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Today's News

  • SOFTBALL: Gilchrist throws no-hitter

    Kennedy Gilchrist threw a no-hitter as the Central Kentucky Batcats' 10-and-under team defeated the Greenup County Magic in the Blue Grass State Games on July 13. Gilchrist struck out nine and walked one. The Batcats eventually finished fifth out of 17 teams in the tournament. Gilchrist is the daughter of Ed and Melissa Gilchrist.

  • Seeing Stars

    Emily Hudson, left, and her aunt, Elizabeth Todd, both of Lawrenceburg, were mighty happy to have David Todd take their picture with Cincinnati Reds' third baseman Todd Frazier just before the Reds' showdown with the Pittsburgh Pirates on July 19. Frazier went 1-for-3 in the game and the Reds defeated their National League Central Division rivals, 5-3.

  • Danville team sweeps Mudcats for tourney title

    Failure to take advantage of opportunities meant the Central Kentucky Mudcats' 16-and-under baseball team finished second in its own season-ending tournament Sunday evening.

    The Morse Mustangs defeated the Mudcats, 9-3 to force a winner-take-all championship game in the double-elimination tournament, then outlasted the Mudcats 5-4 in the second game.

    In the final, the Mudcats scratched out 11 hits, but stranded countless runners in scoring position to squander a golden opportunity to claim victory over one of the top summer baseball programs in Kentucky.

  • Local teams compete in Mudcat softball tournament

    The Central Kentucky Batcats 12-and-under softball team took second place in the Mudcats' Softball Classic, held Saturday and Sunday at Anderson County High School. The Batcats made it to the championship game before losing to the Hot Styx, from southeastern Kentucky, 2-1, in the final of the 7-team tournament.

  • Lady Bearcats seeking sponsors for golf tournament

     The Anderson County High School girls' golf team will be the Fifth Annual "The Joy of Golf" Tournament on Saturday, Aug. 17.

  • Girls' golf: Riley looking for state Top 10 finish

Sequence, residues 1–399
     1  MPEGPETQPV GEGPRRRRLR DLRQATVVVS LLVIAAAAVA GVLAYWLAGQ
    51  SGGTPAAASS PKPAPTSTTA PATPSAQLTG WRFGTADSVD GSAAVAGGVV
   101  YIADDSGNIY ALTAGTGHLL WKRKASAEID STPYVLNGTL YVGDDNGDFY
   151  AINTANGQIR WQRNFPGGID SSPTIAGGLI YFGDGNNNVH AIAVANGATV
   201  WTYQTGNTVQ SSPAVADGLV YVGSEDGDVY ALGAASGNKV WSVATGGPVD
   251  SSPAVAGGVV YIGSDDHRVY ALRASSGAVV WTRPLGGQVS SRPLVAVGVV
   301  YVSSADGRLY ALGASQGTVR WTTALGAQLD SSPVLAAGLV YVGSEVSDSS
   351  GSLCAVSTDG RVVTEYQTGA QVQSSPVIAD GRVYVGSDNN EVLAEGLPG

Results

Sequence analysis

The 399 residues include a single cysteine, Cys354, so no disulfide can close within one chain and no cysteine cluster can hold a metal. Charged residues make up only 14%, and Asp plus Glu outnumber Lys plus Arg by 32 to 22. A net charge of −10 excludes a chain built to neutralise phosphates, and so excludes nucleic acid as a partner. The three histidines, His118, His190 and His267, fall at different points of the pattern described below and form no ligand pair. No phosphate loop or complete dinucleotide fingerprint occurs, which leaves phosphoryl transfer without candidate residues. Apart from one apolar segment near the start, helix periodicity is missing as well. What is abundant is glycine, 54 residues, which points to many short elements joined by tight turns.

Kaitlyn Riley is a senior now and with that designation comes an all-new perspective on how she wants to end the golf season.

    “I hope I make it. That was my goal (in previous years),” Riley says of the state high school tournament. “This year, I want to be top 10.”

    It's a lofty goal in a sport where one bad swing, one misplay of the wind or one error in judging distance can be the difference between a championship joy and the tears of coming up short.

  • Girls' golf: Lady Bearcats tee off with mixed expectations

    Expectations frame practically everything in high school sports.

    Few teams will reflect that truth more than the Anderson County girls' golf team this fall. The Lady Bearcats figure to be good. They expect to have one of the state's best golfers who should make quite a showing at the state meet. But they also know it will be extremely difficult for all of them to make the season's final tournament.

  • Boys' golf: A nice problem to have

    It must be nice to have the kind of problems that surround the Anderson County boys' golf team this year.

    There are questions about the Bearcats, for sure, but they are questions like, “Can everyone get enough playing time to keep improving?” or the basic, “Who will play on the varsity?”

    Such is life when a team is loaded with talented golfers. Really talented golfers.

  • Senior citizen robbed in home invasion on Jean Drive

    City police has called off the search for two men who allegedly forced a senior citizen to hand over cash and pain pills during a home invasion Friday morning on Jean Drive.

    According to Det. Mike Schell of the city police department, two white males entered the back of a Jean Drive residence at about 10:30 a.m. Friday.

    Schell said the men forced the homeowner, a woman in her 70s, to give them some cash, pain pills and other property.

  • ‘A good home’

    Tyra and Jerry Robinson of Lawrenceburg never thought they would have two children in their home, let alone five.

    “Five kids, 5 and under is like a zoo sometimes,” Tyra Robinson said.

    For nearly a year now the Robinsons have been raising three foster children along with their own two biological daughters.

    Jaivon, 4, Andrew, 3, and Nadia, 2, came to the Robinson home for lack of anyone else that would care for all three siblings.